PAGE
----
Here are a couple of labour saving tips for removing stubborn price and labels, prior to sale:
Flimsy Paper – When removing dried and hardened labels from flimsy and brittle paper you have to be very careful. Any kind of scratching or rubbing will quickly create a tear. Neither is the use of solvents a good idea, as the wet paper will weaken the paper even further. Under these circumstances I have had great success using a hair drier on a low to medium setting. The built up of heat in a concentrated area will soften the dried glue of the label, allowing you to carefully remove it by hand.
Thicker Paper – For heavier and more robust paper e.g. magazine grade paper, or polished card, I would recommend a quick spray of furniture polish – Tesco’s cheapest brand works just fine. Leave the wet polish for about one minute and then carefully try to nudge the edge of the stubborn label. Hey presto, you will find that most times labels will almost slip off by magic. Then give the whole area a quick rub with a tissue to remove any final sticky residue and you’re done. For more stubborn labels, simply leave the wet polish for a little while longer before starting the removal process.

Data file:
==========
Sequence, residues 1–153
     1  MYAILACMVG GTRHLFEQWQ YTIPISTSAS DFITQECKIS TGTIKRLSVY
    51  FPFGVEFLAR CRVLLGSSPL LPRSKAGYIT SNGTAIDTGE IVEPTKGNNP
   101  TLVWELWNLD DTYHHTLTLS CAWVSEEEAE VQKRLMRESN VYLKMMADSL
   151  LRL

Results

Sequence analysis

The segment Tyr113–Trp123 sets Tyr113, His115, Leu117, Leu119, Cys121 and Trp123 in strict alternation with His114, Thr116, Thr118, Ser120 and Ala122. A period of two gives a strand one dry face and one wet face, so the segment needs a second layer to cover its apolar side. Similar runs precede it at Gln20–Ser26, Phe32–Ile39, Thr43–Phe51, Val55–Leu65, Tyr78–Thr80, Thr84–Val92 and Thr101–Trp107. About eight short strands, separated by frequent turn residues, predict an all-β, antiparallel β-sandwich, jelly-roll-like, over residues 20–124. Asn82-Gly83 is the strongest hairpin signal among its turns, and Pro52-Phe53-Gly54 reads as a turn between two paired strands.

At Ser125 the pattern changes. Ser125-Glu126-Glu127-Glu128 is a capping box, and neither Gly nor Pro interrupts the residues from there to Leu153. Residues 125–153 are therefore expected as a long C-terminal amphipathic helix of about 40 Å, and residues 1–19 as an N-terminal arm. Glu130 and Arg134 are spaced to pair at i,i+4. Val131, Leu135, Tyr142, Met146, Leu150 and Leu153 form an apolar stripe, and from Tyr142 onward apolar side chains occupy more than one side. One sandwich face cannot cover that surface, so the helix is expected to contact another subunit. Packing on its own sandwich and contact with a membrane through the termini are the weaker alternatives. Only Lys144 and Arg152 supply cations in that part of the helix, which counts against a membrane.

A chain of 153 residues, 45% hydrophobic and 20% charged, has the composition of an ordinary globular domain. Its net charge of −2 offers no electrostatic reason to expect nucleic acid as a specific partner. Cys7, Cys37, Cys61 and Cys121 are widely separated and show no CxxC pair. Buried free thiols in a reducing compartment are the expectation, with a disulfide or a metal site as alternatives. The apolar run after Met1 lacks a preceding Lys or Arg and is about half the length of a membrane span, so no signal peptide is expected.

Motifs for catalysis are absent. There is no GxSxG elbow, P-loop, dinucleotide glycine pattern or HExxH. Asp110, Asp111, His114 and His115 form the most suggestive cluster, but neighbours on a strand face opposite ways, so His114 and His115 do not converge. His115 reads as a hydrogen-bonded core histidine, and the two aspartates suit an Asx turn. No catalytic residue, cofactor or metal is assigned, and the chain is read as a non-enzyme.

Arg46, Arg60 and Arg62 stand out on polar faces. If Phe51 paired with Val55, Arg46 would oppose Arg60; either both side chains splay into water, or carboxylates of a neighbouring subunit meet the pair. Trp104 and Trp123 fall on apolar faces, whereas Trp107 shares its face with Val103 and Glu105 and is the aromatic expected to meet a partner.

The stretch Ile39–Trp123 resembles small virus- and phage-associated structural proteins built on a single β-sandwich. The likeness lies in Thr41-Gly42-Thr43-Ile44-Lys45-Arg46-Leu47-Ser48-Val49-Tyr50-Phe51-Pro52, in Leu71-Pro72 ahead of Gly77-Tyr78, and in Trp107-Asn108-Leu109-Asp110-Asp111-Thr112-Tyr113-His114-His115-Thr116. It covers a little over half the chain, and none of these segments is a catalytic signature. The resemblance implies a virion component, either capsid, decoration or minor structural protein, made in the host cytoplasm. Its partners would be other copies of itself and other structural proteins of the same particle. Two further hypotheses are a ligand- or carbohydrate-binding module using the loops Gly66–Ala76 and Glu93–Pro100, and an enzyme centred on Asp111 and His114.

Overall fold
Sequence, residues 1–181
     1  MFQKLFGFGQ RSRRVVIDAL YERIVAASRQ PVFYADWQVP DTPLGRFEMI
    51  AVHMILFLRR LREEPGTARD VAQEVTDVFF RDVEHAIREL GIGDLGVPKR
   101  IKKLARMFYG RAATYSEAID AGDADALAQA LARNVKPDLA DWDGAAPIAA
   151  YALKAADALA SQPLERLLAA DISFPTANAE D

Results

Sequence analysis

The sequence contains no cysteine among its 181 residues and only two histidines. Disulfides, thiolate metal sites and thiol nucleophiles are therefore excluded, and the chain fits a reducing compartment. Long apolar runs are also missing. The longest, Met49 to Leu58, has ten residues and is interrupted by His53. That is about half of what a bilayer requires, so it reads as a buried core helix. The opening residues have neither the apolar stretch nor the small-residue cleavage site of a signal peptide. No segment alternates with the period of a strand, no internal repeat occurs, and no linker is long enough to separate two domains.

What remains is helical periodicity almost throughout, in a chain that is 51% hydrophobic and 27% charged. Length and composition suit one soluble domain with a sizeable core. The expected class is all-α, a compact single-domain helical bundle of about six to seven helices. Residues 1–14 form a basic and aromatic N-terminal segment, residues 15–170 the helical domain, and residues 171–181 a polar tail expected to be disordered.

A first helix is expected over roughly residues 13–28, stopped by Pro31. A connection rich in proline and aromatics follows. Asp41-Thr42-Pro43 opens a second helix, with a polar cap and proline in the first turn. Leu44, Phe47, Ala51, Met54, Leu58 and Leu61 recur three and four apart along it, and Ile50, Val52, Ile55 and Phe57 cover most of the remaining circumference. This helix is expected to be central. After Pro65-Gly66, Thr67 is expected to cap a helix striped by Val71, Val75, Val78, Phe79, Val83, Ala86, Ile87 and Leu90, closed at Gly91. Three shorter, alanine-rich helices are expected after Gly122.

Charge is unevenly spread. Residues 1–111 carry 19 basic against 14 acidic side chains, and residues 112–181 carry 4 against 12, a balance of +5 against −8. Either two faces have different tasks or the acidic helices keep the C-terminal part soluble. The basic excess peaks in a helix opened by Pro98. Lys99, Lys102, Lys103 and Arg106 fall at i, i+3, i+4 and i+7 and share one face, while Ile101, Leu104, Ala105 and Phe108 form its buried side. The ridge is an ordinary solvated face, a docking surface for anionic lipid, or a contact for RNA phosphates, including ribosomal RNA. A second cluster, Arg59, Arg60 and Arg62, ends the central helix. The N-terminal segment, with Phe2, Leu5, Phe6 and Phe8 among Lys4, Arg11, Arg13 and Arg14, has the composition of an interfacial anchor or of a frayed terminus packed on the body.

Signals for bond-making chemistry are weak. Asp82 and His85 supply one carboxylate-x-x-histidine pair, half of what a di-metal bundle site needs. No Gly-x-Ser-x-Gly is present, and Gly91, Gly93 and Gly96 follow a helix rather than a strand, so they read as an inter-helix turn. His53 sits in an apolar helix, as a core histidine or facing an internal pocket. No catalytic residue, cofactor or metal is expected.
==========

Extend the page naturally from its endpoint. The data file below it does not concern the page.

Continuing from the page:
Rigid Plastic Products
When removing dried-on labels from rigid plastic products e.g. CD, VHS Video or DVD cases, you can first try the ‘wet polish’ method. If this does not work, possibly because the glue on the label has almost bonded to the plastic surface, another solution would be to rub the labels gently with a soft cloth lightly soaked in white spirit. To avoid breathing in strong fumes, buy the ‘low odour’ liquid alternative. Use the white spirit sparingly to avoid soaking the product, as this can sometimes dull the sheen of the plastic under the label.